Federal Reserve monetary policy will keep interest rates unchanged as quantitative easing continues, and regulatory policy out of Washington will continue to pose risks for investors in 2011, said Keefe, Bruyette & Woods analysts at a Dec. 9 outlook breakfast in New York.
Although much of the heavy lifting has already been done in creating a regulatory framework for financial services, the implementation of the rules plus challenges from a new Republican majority will lead to uncertainty about exactly what shape the revised regulatory landscape will take, KBW Washington analyst Brian Gardner said in his research outlook for 2011, “Buy the Regulators; Sell Congress.”
“What’s one person’s technical correction is another’s significant change,” Gardner said at the breakfast, noting that Republicans will push to change elements of the Dodd-Frank bill but won't see much success. “There has been a sigh of relief that Dodd-Frank is in place, but there is still political risk. The Republicans will comb through Dodd-Frank, but it’s not going away. It’s really about the regulators in 2011; it’s a year of implementation.”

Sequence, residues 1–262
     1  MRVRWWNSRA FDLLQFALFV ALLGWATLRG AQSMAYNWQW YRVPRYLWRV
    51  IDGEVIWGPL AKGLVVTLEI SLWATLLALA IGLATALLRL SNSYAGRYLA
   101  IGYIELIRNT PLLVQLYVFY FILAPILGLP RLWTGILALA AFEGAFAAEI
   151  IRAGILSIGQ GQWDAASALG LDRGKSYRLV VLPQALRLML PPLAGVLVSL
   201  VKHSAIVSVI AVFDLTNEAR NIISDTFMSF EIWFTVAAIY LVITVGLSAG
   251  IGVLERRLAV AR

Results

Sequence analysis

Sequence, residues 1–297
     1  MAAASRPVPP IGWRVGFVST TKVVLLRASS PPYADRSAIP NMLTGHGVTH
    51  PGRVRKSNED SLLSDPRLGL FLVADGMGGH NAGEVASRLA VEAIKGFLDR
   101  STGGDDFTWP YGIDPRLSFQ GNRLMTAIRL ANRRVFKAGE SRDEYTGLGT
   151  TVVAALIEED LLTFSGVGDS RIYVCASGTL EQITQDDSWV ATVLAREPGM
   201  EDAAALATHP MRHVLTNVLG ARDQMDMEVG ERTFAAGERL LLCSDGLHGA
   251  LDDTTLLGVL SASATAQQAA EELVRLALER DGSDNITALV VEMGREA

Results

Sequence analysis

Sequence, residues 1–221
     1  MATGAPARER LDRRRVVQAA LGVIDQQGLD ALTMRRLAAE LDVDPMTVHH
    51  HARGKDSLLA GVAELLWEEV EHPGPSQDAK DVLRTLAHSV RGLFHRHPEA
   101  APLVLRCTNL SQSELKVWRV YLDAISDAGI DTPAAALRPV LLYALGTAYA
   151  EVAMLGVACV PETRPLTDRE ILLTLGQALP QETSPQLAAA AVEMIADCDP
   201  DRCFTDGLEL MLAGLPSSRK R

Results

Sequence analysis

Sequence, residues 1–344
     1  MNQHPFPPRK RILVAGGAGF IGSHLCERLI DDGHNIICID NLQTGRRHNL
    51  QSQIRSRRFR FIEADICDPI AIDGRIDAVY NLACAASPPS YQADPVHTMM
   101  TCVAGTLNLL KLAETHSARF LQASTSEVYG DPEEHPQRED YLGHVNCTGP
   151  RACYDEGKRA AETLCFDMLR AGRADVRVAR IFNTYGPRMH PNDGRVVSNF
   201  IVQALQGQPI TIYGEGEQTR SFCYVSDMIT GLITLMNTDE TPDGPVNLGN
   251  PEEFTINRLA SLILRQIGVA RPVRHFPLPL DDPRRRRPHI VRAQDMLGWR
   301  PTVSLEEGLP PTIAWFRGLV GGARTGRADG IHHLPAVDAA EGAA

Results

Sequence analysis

Meanwhile, the federal funds rate will remain unchanged through 2011 at the zero percent to 0.25% target established by the Federal Reserve, and the Fed could very well expand past its second round of quantitative easing in 2010 to new QE plans in 2011, according to the analysts on KBW’s North America Equity Research team. Based in New York, KBW is an investment bank that specializes exclusively in the financial services sector.
“We believe that short-term interest rates will remain low during 2011 and through most of 2012,” the KBW analysts wrote in a financial services outlook. “In our view, the ongoing labor market weakness coupled with weakening consumer spending are main reasons the Federal Reserve will hold rates at a low level.”